To the Editor In their study, Dutra and Glantz1 reported the results of a cross-sectional sample of adolescents interviewed in 2011 and 2012 in the National Youth Tobacco Survey and concluded that electronic cigarette (e-cigarette) use does not discourage and may encourage conventional cigarette use among US adolescents.
However, their conclusions are not justified by the data presented. In a cross-sectional study, the observed relationship between e-cigarette use and higher and more sustained levels of smoking does not imply causation. Moreover, such studies do not take into account other population characteristics, which may play a crucial role when determining potential causation.2,3 Although the authors acknowledged this limitation in the text, they ended up drawing a conclusion that misleads the public into thinking e-cigarettes are leading to smoking initiation and addiction among adolescents.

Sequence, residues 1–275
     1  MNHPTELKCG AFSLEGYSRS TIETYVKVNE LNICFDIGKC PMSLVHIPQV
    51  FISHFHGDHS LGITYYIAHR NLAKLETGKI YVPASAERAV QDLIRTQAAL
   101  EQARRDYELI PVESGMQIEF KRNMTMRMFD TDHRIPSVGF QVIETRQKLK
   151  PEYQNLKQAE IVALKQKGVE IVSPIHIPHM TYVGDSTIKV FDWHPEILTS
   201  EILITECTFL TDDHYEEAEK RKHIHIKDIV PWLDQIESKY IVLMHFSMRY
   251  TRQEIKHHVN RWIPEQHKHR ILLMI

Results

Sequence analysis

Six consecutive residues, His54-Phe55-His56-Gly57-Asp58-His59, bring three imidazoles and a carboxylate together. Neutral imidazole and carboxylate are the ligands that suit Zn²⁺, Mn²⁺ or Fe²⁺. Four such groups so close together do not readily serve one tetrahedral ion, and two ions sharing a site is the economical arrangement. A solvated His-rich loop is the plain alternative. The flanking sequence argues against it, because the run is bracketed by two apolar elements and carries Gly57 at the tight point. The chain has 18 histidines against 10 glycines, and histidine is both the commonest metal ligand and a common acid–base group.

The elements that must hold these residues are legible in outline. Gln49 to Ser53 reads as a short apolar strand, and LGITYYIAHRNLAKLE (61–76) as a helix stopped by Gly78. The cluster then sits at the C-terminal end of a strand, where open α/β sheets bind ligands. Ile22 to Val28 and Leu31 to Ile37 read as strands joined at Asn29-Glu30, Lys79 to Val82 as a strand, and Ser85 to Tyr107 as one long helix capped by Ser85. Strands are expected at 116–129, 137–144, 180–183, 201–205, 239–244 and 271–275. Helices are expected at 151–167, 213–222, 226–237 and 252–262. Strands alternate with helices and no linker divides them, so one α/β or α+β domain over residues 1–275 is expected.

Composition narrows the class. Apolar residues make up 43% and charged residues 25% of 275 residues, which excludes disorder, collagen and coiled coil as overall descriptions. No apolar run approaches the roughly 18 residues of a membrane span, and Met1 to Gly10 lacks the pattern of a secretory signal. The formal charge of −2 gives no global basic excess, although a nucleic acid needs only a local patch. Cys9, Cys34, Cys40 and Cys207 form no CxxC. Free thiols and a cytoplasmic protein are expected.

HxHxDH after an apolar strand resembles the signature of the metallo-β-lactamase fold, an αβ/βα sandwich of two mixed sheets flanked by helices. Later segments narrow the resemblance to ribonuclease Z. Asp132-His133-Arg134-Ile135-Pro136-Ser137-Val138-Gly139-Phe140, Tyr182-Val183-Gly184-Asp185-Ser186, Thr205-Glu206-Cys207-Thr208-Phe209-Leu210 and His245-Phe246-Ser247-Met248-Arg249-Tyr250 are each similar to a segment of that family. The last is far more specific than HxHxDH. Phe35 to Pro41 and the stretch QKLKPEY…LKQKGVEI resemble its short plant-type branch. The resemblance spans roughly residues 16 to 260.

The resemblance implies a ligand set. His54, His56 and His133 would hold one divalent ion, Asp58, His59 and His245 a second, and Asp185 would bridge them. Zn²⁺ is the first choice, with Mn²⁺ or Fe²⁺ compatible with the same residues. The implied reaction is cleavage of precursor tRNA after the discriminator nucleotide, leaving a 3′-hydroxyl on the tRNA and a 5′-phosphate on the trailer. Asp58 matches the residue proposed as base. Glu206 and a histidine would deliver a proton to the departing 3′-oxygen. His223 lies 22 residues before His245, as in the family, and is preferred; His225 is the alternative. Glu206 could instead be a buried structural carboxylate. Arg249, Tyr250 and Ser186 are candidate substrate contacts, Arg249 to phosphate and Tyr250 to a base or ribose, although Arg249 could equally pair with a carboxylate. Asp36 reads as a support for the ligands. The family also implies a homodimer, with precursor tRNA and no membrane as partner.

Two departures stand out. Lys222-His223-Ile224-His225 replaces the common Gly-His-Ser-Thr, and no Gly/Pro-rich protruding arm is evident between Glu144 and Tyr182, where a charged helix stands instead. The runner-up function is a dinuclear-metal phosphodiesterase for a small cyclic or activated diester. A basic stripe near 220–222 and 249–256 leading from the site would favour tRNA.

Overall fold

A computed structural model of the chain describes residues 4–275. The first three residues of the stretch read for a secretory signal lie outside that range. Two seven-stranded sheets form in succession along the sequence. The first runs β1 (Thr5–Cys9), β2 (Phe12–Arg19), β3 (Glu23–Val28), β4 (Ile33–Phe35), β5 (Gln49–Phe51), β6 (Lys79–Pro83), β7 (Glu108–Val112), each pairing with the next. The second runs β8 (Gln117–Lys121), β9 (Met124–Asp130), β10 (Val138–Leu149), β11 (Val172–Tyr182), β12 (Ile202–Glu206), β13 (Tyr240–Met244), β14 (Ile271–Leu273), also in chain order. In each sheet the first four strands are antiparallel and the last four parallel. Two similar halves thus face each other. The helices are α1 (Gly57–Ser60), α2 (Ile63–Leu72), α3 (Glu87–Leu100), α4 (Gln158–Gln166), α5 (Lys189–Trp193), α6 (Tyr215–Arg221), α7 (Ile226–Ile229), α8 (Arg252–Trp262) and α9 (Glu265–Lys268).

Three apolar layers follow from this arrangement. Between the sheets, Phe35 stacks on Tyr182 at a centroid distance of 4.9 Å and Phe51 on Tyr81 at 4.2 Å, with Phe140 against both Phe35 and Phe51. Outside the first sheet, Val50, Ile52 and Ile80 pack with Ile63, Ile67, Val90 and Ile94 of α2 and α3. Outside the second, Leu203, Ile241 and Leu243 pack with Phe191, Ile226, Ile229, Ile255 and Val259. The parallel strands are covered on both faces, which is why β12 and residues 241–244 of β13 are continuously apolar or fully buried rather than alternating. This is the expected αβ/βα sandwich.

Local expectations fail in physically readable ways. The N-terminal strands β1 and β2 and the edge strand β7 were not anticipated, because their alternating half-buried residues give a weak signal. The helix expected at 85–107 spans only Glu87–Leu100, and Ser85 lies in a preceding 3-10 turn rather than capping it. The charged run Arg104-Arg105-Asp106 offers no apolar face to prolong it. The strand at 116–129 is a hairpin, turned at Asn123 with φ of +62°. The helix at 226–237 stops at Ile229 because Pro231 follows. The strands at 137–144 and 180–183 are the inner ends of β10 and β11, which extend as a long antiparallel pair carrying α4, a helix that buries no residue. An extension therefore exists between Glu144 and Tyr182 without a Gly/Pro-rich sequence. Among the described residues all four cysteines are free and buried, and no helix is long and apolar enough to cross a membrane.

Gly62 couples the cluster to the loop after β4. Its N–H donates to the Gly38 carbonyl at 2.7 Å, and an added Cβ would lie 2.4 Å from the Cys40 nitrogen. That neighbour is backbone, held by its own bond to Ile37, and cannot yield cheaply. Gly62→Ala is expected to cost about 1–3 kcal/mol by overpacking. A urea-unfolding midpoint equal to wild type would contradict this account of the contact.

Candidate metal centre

Farsalinos KE, Polosa R. Youth Tobacco Use and Electronic Cigarettes. JAMA Pediatr. 2014;168(8):775. doi:10.1001/jamapediatrics.2014.727
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